Still, there is beauty in November’s austere landscape.

    Looking down in my own yard,

    and across the Kennebec River, about ten miles away from where we live.

    Winter subtracts even more. But that is yet to come.

     

  • I’ve Been Book Reported

    Here we are, firmly in November.

    We set back the clocks on Saturday, and now it gets dark at 4:30, which always gives me a claustrophobic, restless feeling. I have come to the conclusion that I am neither a morning person nor a night person. Instead, I am a day person, and when the dark comes, I am ready to kick back. This is fine when it stays light out until, say, 7:00 p.m. But when the dark comes at 4:30, it’s too early to relax for the evening, and in addition, it makes me fidgety to be inside so much. Therefore, as soon as I am finished with the copy editing of Library Lost, I will be spending some part of every day outside. Being outside helps with the fidgets.

    Speaking of Library Lost, I am coming down the homestretch with copy editing. Wowsah, what a job! Fortunately I have the patience to go over the book line by line. Many times. I wish I could get it right with one pass, but there you are.

    This weekend, at a craft fair, there was another first for me. A young man who was about thirteen came to my table and told me that he liked Maya and the Book of Everything so much that he did a book report about it for his English class. Readers, I have been book reported. Holy cats, I was thrilled.

    In the United States, tomorrow is Election Day, and it’s going to be a nail biter. As I have written in previous posts, I am heartbroken about the direction this country has taken—the ugliness, the racism, the threats, the lack of tolerance and compassion, the total disregard of the environment.

    There are some—a minority, I hope—who think it doesn’t make any difference as to which candidate wins. How wrong they are! And I can use the small state of Maine (population 1.3 million) as an example. Because of our current governor and his refusal to accept the Medicaid expansion money available through the  Affordable Care Act, 70,000 people  in our state have gone without health insurance. These are people who earn too much to qualify for standard Medicaid and too little to qualify for subsidies from the ACA. They are caught right in the middle.

    How many people died because of our governor’s refusal to expand Medicaid coverage? How many went to the emergency room, thus driving up the overall cost of healthcare?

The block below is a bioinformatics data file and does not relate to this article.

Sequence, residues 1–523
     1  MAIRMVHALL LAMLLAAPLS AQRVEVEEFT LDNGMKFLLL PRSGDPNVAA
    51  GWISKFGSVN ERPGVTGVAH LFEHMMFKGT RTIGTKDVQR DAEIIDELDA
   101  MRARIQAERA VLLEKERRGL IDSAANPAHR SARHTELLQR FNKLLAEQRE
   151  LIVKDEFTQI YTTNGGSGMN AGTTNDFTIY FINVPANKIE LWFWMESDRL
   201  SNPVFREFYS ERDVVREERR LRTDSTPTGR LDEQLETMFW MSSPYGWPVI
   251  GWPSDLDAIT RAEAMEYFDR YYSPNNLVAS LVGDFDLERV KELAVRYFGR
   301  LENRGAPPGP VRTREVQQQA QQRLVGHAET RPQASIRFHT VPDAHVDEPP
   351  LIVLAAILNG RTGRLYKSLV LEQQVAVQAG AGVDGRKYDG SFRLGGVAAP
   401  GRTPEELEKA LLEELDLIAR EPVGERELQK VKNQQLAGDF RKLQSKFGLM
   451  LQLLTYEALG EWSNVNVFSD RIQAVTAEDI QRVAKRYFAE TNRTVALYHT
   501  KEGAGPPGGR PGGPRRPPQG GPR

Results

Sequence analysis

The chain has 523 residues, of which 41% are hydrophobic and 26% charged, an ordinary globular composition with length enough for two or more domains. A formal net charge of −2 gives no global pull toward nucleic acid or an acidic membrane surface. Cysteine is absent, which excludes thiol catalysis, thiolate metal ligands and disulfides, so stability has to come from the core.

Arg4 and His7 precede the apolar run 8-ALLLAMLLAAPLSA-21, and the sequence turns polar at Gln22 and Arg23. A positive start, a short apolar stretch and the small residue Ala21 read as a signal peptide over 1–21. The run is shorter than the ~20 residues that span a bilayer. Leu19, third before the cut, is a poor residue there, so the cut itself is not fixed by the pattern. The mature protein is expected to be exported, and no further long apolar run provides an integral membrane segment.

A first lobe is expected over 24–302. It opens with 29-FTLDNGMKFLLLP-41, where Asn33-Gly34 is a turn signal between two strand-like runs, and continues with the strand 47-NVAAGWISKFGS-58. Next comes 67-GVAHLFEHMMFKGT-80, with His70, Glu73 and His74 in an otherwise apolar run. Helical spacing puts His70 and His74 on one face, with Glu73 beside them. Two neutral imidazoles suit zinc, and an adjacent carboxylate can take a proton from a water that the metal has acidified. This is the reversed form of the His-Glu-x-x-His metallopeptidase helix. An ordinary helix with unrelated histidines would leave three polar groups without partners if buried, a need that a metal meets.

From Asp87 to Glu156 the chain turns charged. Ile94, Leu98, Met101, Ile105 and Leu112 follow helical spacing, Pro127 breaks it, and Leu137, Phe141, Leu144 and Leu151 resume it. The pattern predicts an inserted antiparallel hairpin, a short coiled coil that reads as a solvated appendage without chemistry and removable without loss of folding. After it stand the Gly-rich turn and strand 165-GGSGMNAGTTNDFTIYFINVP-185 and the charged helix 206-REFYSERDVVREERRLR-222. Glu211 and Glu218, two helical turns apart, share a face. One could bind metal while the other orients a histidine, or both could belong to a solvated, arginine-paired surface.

In each Maine gubernatorial election—alas, our current governor won two times—if the other candidate had won, then those 70,000 Mainers would have had health insurance. This is but one issue of many where there has been a sea of differences between the candidates, and the same is true with the current election.

    So out Clif and I will go tomorrow, to cast our votes and hope, hope, hope that we have come to the turning of tide.

  • Interviewed by Rapunzel Reads

    In September, my YA fantasy novel Maya and the Book of Everything was featured on the delightful blog Rapunzel Reads, where books for young readers are reviewed by two sisters—Piranha T. and Super Kitty. After reviewing Maya, the sisters asked if I was willing to be interviewed for their blog.

    I most certainly was, and here is a snippet of the interview:

    RapunzelReads: What books inspired you when you were growing up?

    Laurie Graves: The books that inspired me were Madeleine L’Engle’s A Wrinkle in Time and Tolkien’s The Lord of the Rings. When I read A Wrinkle in Time, in the late 1960s, I had never encountered such a wild, thrilling story that incorporated science, time travel, and fantasy with vivid characters. It almost felt as though an electrical charge was coming to me from the book. Then there was The Lord of the Rings, which pulled me right into Middle Earth. I was there with Frodo and Sam as they made their way to Mordor, and there seemed to be no veil between me, the reader, and Tolkien’s story. Last but certainly not least is Shakespeare. I fell in love with him when I was in seventh grade, and that love continues to this day. When I first started reading Shakespeare, there was a lot I didn’t understand, but it didn’t matter. I was completely dazzled by the way he used language, and I could hardly believe that anyone could write so brilliantly. Even now, I am still in awe.

    To read the whole interview, click on this link.

    Rapunzel Reads, thanks yet again!